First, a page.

Latitude / Longitude:
25°48′46″N 81°21′39″W / 25.81278°N 81.36083°W / 25.81278
10 ft (3 m)
Eastern (EST) (UTC-5)
Chokoloskee is an unincorporated community and census-designated place (CDP) in Collier County, Florida, United States. The population was 359 at the 2010 census. It is part of the Naples–Marco Island Metropolitan Statistical Area.
Chokoloskee was briefly occupied by the United States Army during the Third Seminole War. In November 1856, 110 men of the Florida Mounted Volunteers reached Chokoloskee Island. From there, an expedition of 75 men went up the Turner River, where they burned a Seminole settlement and a couple of planted fields. After a skirmish with the Seminoles in which a Captain John Parkhill was killed, the expedition returned to Chokoloskee Island to find that their base had been moved to Cape Romano, because of a lack of fresh water on the island.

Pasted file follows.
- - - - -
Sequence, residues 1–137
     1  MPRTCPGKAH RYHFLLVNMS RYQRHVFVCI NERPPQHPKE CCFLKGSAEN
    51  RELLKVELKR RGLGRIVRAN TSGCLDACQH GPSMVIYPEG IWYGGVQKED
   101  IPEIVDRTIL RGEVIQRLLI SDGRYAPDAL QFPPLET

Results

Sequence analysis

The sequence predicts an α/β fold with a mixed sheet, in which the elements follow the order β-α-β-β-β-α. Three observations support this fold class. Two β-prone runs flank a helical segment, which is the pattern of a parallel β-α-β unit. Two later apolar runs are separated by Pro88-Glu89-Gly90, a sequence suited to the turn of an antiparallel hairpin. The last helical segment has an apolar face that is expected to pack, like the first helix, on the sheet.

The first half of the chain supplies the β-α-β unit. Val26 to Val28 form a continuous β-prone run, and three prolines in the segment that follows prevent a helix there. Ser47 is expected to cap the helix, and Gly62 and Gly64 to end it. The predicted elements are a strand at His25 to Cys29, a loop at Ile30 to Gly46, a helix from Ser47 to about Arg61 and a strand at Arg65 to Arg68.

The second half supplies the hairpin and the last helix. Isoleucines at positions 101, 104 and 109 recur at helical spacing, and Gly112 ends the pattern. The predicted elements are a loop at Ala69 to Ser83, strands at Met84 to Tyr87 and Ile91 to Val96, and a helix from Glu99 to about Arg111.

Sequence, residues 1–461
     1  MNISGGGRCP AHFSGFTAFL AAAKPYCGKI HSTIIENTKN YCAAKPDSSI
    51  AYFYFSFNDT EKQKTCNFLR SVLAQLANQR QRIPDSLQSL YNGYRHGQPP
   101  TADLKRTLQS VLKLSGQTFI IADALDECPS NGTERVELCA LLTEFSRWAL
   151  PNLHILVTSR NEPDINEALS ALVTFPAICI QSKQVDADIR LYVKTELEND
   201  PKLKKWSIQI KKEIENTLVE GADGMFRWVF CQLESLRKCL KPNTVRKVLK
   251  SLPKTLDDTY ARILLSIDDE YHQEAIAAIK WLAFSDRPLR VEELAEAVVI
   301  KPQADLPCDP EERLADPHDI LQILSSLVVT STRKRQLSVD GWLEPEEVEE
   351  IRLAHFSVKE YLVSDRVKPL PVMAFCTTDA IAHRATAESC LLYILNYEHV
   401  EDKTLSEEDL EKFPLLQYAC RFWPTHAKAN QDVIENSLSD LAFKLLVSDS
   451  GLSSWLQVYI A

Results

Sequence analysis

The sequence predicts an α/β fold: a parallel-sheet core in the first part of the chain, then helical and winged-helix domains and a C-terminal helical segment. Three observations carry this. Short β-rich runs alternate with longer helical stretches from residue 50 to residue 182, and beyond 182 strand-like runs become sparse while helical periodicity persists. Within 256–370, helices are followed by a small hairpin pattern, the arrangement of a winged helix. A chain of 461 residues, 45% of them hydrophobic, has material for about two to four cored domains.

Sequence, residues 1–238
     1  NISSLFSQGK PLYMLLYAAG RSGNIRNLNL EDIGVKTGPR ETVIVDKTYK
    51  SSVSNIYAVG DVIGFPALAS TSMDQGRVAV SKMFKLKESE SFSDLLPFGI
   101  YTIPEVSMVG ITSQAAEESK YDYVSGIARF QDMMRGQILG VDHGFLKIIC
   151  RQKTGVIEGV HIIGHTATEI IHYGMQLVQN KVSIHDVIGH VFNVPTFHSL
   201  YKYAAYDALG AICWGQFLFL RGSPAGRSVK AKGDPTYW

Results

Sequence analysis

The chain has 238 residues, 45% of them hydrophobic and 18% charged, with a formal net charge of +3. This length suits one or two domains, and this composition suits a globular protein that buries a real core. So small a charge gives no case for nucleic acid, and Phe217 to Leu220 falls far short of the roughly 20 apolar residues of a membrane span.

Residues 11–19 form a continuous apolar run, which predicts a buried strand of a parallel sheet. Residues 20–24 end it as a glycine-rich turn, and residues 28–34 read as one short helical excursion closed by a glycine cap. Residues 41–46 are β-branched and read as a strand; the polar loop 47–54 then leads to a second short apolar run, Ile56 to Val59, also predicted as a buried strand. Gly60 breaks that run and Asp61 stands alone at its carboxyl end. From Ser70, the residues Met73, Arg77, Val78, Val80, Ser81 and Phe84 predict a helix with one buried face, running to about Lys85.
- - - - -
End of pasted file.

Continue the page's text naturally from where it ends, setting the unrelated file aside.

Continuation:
The modern settlement of Chokoloskee Island started in 1874. The second family on the island was that of Adolphus Santini, who was soon joined by his brother and his parents. By around 1880 the Santini family held claim to most of the island. In 1882 there were five families living on the island, including those of the two Santini brothers. These early residents farmed, fished and caught turtles, selling any surpluses in Key West. Other residents came and went fairly frequently. Due to the efforts of Charles Greenleigh (C. G.) McKinney, a post office was established in Chokoloskee in 1891, although it was known as “Comfort” for the first few months.